Monday, September 12, 2005

Handling ADHD In Adults Without Prozac, Ritalin Or Other Drugs

An interesting essay by Dr. Mike Adams appeared recently. It is instructive on the issue of ADHD, especially in adults, which is apparently the variety Dr. Adams has experience with:

Adams doesn't buy the adult ADHD diagnosis. He says it's fictional. His solution is highly inventive. He says:

One of the toughest things about being a teacher is dealing with all the latest “syndromes” in our culture of victimization.

Often those fictional problems take the form of “disorders” like adult ADHD. I always know which of my students have been told that they suffer from adult ADHD. They are often late and sometimes leave class early to go potty, unlike most students who go potty before class begins. They blurt out the answers to my questions constantly – always without the courtesy of a raised hand. And, usually, they fall asleep in class (probably from exhaustion) after the fifteenth or twentieth interruption. Later, they are awakened by the cell phone they forgot to turn off before arriving in class.

After being diagnosed with ADHD, two things usually happen to the newly “disadvantaged” student. First, a psychologist tells the victim that he cannot pay attention nor control various impulses. Next, he is given a dosage of drugs. Neither one of these responses actually works. In fact, telling him that he cannot pay attention – rather than that he simply does not pay attention – usually reinforces the problem. The drugs don’t work because, again, the disorder is fictional.

But, fortunately, I have discovered a cure for students with this so-called disorder, which I am now sharing (free of charge, mind you) with my readers. Here’s how it works.

At the beginning of the semester I lay out a few ground rules with my students. For example, they are not to bring cell phones into my class. They are also forbidden from walking into class after the lecture has started. But I don’t just tell students not to do these things. I also make them sign an agreement (on the first day of class) that they will not do these things under penalty of writing a research paper if they break the promise.

The first student to ever violate the agreement was named Chris. After he walked into my class very late one day, then interrupted it approximately fifteen times by shouting out the (usually wrong) answer to a question, then fell asleep in class, then woke up and went potty (thankfully in the restroom, not in his seat), I sent him the following letter:

Chris: Your research paper this semester will take the form of an interview of either:

a) A teacher, or b) A psychologist.

If you choose "A," you will be asked to conduct an interview on how the teacher’s job is made more difficult when students 1) come to class late 2) sleep in class 3) interrupt the lecture by blurting out answers without a raised hand, and 4) get up and walk out in the middle of a lecture to go to the restroom.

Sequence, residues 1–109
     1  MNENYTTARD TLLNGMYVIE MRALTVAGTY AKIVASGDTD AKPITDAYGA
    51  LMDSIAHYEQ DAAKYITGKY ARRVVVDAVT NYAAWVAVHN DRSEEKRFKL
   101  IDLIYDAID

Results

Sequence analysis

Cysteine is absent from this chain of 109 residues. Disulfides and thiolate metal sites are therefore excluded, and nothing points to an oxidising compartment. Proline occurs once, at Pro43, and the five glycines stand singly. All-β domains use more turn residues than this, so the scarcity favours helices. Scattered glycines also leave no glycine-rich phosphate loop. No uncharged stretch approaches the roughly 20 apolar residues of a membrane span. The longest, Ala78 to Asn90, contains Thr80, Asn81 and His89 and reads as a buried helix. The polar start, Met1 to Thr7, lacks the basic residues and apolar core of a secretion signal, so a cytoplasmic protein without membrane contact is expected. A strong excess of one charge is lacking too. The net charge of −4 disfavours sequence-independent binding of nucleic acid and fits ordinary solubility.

If you choose "B," you will be asked to conduct an interview on the causes of the following behaviors: 1) coming to class late 2) sleeping in class 3) interrupting the lecture by blurting out answers without a raised hand, and 4) getting up and walking out in the middle of a lecture to go to the restroom.

Whether you choose "A" or "B," the paper must be, at present, one page long. It is due with your final exam. Between now and then, one more page will be added to the length of the paper, each time you 1) come to class late 2) sleep in class 3) interrupt the lecture by blurting out answers without a raised hand or 4) walk out of class during the lecture to go to the restroom.

Dr. Mike S. Adams

Of course, Chris did write back to say that a medical condition – adult ADHD -was responsible for his behavior. But I quickly informed him that his condition was a fiction and that the behavior was fully under his control. Thus, the assignment stood.

Chris made the choice to cooperate. And, wouldn’t you know it, every one of the disruptive behaviors he exhibited disappeared the very next class period. Of course, he made that choice simply because it was easier than writing a 600 page research paper to cover the projected pace of about 600 interruptions he had set during the first few classes.

Psychiatrists, psychologists, sociologists, and social workers around the world will surely be angry with this present column – largely because it provides a rather simple solution to a rather simple problem. They will no doubt also be angry over my seemingly calloused attitude towards those who suffer from adult ADHD. But I choose not to pay attention to them – remember, paying attention is a choice for adults – until they answer a few simple questions. For example:

Why did my solution work so immediately and so effectively after, presumably, years of therapy and drug prescriptions failed?
Will you continue to use the term “irresistible impulse” to describe what is obviously merely an impulse not resisted?
Are you at all concerned that other fictional disorders will be exposed by other equally simple experiments?
How can one be a part of a helping profession, if he does not, first and foremost, help people to help themselves?
And, finally, what will happen if you ever win your war upon free will? Will you protect people from the prospect of failure? Or will you deprive people of the prospect of success?


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